Apple's cautiousness in adopting OLED is shown to be more than a soundbite by the fact that Samsung merely manufactures the iPhone X display. It's far from an off-the-shelf component, with Apple taking direct control of the display's design and implementation, even going so far as to individually calibrate each screen before it leaves the factory.

The iPhone X OLED display can produce a screen brightness of 634 nits 

The results of this hands-on approach appears to have been vindicated. We found the iPhone X display to be "leaps ahead of the iPhone 8 and 8 Plus" in our review. Elsewhere, specialist display website DisplayMate reckons that the iPhone X display is "the most color accurate display that we have ever measured."

There are also certain issues inherent to OLED technology that Apple didn’t directly reference in its iPhone X announcement, but which have since been addressed.

These include the fact that OLED displays tend to shift tone when you view them from an angle. All OLED displays are prone to suffering from some degree of burn-in too, which can leave ghostly screen elements on the display after the fact.

In both cases Apple claims to have worked to reduce the effects:

"If you look at an OLED display off-angle, you might notice slight shifts in color and hue. This is a characteristic of OLED and is normal behavior. With extended long-term use, OLED displays can also show slight visual changes.

"This is also expected behavior and can include 'image persistence' or 'burn-in,' where the display shows a faint remnant of an image even after a new image appears on the screen. 

"This can occur in more extreme cases such as when the same high contrast image is continuously displayed for prolonged periods of time. We've engineered the Super Retina display to be the best in the industry in reducing the effects of OLED 'burn-in'."

In other words, there are still issues with OLED, but Apple has worked to mitigate them in the iPhone X.

The future of Apple and OLED

So what next for Apple and OLED? Is its adoption of the technology merely a special effort for the expensive ten-year-anniversary iPhone X model?

That's highly unlikely. Apple isn't in the habit of adopting and dropping technology on a whim unless something clearly better becomes viable. Right now, OLED is the best mass market screen technology available.

Besides which, Apple has actually already produced three smart devices with OLED panels prior to the iPhone X hitting shops. All three generations of Apple Watch, which initially launched back in 2015, sport the vibrant screen technology.

Far from Apple abandoning OLED, we can probably expect the opposite to happen. Apple's use of LCD in its iPhones is on borrowed time, with the iPhone 8 family likely to be one of the last Apple phones to feature the aging technology.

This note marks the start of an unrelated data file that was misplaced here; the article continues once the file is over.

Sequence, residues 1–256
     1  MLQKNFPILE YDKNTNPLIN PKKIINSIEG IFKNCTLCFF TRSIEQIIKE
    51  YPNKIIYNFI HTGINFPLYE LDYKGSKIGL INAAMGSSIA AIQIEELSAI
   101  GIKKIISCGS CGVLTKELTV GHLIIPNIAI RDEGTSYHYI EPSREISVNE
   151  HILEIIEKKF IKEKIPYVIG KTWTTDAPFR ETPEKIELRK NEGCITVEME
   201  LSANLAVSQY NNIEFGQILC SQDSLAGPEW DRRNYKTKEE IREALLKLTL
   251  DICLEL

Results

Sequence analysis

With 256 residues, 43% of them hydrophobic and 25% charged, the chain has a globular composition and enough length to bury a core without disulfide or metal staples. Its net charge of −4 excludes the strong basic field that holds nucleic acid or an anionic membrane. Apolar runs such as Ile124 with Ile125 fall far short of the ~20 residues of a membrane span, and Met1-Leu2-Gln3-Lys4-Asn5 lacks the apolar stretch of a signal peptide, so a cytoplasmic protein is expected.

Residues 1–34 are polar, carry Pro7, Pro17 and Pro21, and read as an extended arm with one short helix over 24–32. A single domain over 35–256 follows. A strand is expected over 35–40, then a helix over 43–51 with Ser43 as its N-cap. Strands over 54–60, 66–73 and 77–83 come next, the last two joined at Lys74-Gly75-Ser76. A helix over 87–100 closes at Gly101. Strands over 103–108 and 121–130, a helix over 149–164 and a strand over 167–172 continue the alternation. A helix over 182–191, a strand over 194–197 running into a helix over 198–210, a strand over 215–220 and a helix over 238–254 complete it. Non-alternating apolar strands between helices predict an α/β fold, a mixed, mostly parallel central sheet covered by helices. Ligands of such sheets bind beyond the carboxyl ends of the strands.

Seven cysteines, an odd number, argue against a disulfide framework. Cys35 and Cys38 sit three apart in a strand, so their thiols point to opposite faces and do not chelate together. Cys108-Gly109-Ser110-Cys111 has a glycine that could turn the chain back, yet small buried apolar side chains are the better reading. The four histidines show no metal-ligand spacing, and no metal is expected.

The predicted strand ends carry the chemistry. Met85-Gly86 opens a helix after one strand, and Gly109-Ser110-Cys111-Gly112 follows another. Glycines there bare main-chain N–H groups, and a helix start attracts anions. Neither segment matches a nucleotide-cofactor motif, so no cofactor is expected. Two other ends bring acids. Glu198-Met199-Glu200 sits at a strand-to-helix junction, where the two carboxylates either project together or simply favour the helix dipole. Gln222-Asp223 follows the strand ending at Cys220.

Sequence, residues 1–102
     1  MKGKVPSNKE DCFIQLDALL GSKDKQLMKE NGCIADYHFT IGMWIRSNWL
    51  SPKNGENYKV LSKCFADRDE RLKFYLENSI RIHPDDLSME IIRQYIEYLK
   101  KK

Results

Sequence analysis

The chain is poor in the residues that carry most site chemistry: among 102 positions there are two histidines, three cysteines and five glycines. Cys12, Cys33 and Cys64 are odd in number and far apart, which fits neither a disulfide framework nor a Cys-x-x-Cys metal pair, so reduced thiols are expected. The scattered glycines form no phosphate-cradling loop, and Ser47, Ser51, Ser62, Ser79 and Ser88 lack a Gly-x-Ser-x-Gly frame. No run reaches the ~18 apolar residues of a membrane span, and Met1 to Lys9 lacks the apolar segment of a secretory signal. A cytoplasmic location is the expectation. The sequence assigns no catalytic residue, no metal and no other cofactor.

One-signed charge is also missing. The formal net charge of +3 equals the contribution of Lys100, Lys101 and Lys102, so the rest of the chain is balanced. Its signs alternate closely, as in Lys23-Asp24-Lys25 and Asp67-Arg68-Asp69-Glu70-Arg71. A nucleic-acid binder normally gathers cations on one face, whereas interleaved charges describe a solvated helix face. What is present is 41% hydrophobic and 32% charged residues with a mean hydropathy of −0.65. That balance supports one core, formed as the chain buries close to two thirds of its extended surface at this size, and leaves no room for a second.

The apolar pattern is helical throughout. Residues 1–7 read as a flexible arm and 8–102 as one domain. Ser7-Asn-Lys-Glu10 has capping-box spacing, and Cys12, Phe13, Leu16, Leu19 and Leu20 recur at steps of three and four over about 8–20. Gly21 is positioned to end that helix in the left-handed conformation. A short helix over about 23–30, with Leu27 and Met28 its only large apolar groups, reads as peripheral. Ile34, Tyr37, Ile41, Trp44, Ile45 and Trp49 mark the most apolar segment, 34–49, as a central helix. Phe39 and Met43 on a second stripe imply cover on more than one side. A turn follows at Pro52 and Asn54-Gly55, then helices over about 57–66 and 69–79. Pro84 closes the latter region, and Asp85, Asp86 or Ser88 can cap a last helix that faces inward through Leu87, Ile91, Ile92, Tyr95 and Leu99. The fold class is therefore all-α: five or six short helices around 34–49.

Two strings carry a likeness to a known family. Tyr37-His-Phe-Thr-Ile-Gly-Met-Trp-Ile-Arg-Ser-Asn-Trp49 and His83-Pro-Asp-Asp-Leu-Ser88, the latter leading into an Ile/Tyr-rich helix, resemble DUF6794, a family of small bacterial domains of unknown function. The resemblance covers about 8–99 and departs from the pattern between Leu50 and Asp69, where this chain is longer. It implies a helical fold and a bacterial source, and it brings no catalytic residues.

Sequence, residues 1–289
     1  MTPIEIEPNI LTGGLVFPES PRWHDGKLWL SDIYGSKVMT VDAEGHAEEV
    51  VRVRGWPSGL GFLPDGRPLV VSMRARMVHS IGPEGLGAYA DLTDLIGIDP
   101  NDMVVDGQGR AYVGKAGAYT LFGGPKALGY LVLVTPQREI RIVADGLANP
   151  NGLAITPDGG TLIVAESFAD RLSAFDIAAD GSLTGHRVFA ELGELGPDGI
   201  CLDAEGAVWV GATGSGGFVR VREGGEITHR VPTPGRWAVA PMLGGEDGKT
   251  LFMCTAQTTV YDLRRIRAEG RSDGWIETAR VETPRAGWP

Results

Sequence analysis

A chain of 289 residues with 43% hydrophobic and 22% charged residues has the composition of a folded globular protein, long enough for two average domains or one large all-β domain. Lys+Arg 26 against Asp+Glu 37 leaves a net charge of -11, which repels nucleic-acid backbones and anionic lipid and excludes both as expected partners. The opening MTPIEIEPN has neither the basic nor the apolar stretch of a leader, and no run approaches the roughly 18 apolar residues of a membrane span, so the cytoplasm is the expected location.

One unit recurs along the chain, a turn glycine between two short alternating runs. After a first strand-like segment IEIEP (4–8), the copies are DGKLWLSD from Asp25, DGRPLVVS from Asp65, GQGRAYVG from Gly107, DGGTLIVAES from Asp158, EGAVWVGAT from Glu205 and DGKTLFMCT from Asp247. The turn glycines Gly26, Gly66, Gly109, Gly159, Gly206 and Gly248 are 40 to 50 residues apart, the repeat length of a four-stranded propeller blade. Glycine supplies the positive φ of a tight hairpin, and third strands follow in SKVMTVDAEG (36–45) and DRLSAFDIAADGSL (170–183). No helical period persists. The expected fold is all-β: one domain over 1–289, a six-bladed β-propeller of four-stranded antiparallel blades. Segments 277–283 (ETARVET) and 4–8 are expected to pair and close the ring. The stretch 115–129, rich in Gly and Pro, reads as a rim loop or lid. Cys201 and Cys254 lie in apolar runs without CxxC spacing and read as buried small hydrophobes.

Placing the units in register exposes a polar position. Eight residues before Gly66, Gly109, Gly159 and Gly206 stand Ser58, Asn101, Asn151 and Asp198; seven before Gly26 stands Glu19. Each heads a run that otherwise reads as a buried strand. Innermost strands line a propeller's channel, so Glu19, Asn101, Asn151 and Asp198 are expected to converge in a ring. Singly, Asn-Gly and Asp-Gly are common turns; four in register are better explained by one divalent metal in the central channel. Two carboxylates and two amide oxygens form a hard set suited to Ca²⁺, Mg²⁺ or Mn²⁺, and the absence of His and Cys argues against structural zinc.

Now that we've seen what Apple can do with OLED, it's unthinkable that the company would take a step back - in fact all models of the iPhone 9 might use it, according to some analysts.

The future of OLED on iPhone is a bright one

But one thing that appears to be delaying Apple's wholesale adoption of OLED is something that's been hinted at already. Samsung all but controls the supply line of top quality OLED smartphone displays, with a 95% share of the market.

Apple traditionally doesn't like being beholden to any single supplier of a component, let alone to its biggest and bitterest rival. It strips the company of control over both supply and cost.

Looking at Apple's history, then, we wouldn't be surprised to see the company invest heavily in alternative sources of OLED technology. Along those lines, reports from July 2017 suggested that Apple was pumping $2.7 billion into LG Display with a view to future iPhone OLED panel production.

The question isn't if Apple will stick with OLED, but what it will do with the technology in future. Consider, for example, how Apple's adoption of OLED might influence the design of future iOS versions.

On Android, many manufacturers have adopted a discrete lock screen notification system that utilizes OLED's unique attributes to display only the bare minimum of information at a glance. It's possible that Apple would look to incorporate something similar once LCD is phased out of the iPhone range.

Whichever direction Apple decides to go, the iPhone X is set to be the first of many OLED smartphones from the tech giant. It's taken a while to get here, but the future's looking particularly vibrant for the world's most popular smartphone.